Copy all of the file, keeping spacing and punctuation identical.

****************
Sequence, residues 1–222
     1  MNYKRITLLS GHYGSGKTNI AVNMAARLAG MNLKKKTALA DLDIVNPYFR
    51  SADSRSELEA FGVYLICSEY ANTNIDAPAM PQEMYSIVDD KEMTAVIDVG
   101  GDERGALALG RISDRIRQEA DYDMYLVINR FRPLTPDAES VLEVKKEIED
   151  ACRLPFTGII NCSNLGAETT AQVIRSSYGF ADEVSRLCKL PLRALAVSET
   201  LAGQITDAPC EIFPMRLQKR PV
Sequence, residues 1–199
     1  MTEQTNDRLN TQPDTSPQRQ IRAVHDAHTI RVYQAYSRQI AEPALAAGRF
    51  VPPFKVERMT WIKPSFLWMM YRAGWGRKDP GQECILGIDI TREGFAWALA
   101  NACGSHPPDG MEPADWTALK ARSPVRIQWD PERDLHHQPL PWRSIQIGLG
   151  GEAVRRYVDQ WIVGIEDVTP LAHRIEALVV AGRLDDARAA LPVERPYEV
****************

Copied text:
Sequence, residues 1–222
     1  MNYKRITLLS GHYGSGKTNI AVNMAARLAG MNLKKKTALA DLDIVNPYFR
    51  SADSRSELEA FGVYLICSEY ANTNIDAPAM PQEMYSIVDD KEMTAVIDVG
   101  GDERGALALG RISDRIRQEA DYDMYLVINR FRPLTPDAES VLEVKKEIED
   151  ACRLPFTGII NCSNLGAETT AQVIRSSYGF ADEVSRLCKL PLRALAVSET
   201  LAGQITDAPC EIFPMRLQKR PV
Sequence, residues 1–199
     1  MTEQTNDRLN TQPDTSPQRQ IRAVHDAHTI RVYQAYSRQI AEPALAAGRF
    51  VPPFKVERMT WIKPSFLWMM YRAGWGRKDP GQECILGIDI TREGFAWALA
   101  NACGSHPPDG MEPADWTALK ARSPVRIQWD PERDLHHQPL PWRSIQIGLG
   151  GEAVRRYVDQ WIVGIEDVTP LAHRIEALVV AGRLDDARAA LPVERPYEV